Siphon Coffee Brewers Suck! by Karen Paterson

Siphon coffee brewers, aka vacuum pots, were very popular in mid-century America. Every coffee shop had a Silex or a Cory. The waiter would fill a pot with cold water, seal another pot on top of it filled with ground coffee and then put it on a hot plate. After the water got hot in the lower pot, it was forced by steam pressure into the upper pot where it mixed with the ground coffee. After the coffee had brewed, both pots were taken off of the burner. As the lower pot cooled the coffee was sucked down through a metal, cloth or glass filter. It was an excellent way to make coffee.

Siphon brewers fell out of favor in the sixties and were replaced by automatic drip brewers. Now that consumers are demanding better coffee, siphons are coming back. Siphons provide three key elements that drip brewers do not, 1) good water temperature, 2) total immersion of the grounds and 3) even extraction. In addition, there is an esthetic pleasure in actually watching the brewing process. Some restaurants have begun to serve after dinner coffee in siphon brewers, partly because of the brewing quality but primarily because of the “Wow!” factor.

There are a number of manufacturers making siphon brewers. Hario’s glass siphons are at the top of the pile. Some of the others are Yama, Bodum, Starbucks and Cona. They are all available at Amazon and specialty coffee supply houses.

There are also balance beam brewers where the pots are side by side. The change in water level in the pots causes them to go up or down. In some, when the first pot goes up a spring activates a cap the kills the flame in the heater. They are often used in restaurants to enhance the “Wow” factor. Balance beam siphon brewers are very popular in Germany and Japan.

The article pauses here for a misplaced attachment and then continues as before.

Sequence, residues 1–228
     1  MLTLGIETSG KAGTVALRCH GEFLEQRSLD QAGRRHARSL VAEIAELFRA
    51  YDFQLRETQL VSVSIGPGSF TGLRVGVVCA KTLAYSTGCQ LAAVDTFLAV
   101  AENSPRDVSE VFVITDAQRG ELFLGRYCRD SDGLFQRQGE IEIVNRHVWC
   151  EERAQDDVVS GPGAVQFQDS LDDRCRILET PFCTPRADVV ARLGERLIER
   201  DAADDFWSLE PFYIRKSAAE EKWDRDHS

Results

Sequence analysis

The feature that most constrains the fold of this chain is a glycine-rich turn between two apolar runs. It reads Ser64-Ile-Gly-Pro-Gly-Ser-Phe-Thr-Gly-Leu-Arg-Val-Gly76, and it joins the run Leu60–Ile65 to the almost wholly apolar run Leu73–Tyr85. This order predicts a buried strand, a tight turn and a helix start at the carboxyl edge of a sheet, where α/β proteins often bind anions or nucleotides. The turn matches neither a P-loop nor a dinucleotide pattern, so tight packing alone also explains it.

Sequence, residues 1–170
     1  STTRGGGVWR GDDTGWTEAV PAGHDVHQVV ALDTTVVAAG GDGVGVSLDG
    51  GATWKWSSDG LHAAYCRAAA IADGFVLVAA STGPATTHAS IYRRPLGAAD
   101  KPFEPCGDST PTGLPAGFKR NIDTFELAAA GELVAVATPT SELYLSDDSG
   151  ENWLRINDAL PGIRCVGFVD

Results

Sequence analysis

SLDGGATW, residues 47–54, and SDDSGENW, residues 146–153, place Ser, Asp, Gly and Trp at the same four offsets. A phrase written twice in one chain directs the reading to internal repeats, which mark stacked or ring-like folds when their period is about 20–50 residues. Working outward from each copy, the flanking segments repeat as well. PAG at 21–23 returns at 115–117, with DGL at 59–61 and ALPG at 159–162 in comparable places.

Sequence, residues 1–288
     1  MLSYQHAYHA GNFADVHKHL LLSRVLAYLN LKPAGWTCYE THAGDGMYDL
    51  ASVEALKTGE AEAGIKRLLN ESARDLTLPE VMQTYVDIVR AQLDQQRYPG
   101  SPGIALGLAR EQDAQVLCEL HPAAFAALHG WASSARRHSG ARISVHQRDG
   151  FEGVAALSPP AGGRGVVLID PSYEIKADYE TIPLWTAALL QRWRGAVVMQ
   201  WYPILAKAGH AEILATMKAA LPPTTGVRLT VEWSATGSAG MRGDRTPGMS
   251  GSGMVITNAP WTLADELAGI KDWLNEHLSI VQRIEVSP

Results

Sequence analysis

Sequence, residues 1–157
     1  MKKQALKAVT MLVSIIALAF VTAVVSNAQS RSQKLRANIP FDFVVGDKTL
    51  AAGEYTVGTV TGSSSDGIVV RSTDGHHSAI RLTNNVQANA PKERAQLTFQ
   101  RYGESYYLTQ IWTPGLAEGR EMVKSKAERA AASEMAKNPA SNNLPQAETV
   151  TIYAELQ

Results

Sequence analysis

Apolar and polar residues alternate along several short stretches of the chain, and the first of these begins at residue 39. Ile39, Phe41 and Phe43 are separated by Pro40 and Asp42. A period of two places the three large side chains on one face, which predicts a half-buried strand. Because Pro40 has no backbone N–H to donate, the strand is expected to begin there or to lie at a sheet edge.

Heating the Water
If you are going to try a siphon consider how you want to heat the water. Most siphons do not come with a water heater. You have to provide a separate heat source. You can use your kitchen stove to heat the water which works very well. If you want to brew at the dinner table, some of the siphons come with alcohol burners. They are very slow to heat up so you have to put hot water in the pot to speed it up.There are also butane burners and electric burners. Hario is adding an electric halogen burner to its line this summer, however, just the burner will cost at least $250.
Hard to Clean
The biggest problem with siphon brewers is that they are hard to clean. We have a balance beam brewer at the Hula Daddy tasting room that we put out for our visitors to see. We have never brewed coffee in it. The tubes between the pots and the openings in the pots are so small that it would be impossible to clean out the coffee oils and grounds. Before you buy a siphon brewer check the openings to see if you will be able to clean the brewer easily. Also some burners leave a soot residue on the brewer, which can be hard to remove.
Needs Attention
You can’t push a button on a siphon brewer and go away. They have to be watched and adjusted during the brew. Failure to stay with the brewer can result in a cracked brewer and a huge mess.
Different Brew
You cannot expect siphon brewed coffee to taste the same as a french press or a Mr. Coffee brew. Given the same coffee beans, grind and brew time every method of coffee brewing creates its own unique coffee flavor. Siphon brews are rich in aroma and full of flavor. They tend to be cleaner and brighter than other brews.
Brewing Procedure
The basic procedure for using any siphon brewer is to fill the lower pot with water and start the heating process. While the water is heating, grind your coffee and put it in the other pot. Use the normal two tablespoons per six ounces of water.When the water starts steaming connect the two pots. Waiting to put the top pot on keeps water out of the grounds until the water gets to 200 F. As the water moves into the brew pot adjust the heat so that the water is just barely boiling. This will keep the water hot in the brew pot but not boil out the water in the lower pot. If the water boils out the lower pot may crack. Keep the heat on so that the brew time from the first infusion of water is about three minutes. You can adjust the brew time later for your own taste. After three minutes remove the pots from the heat and the vacuum in the lower pot will suck the coffee though the filter into the lower pot, giving you a close to four minute extraction time.
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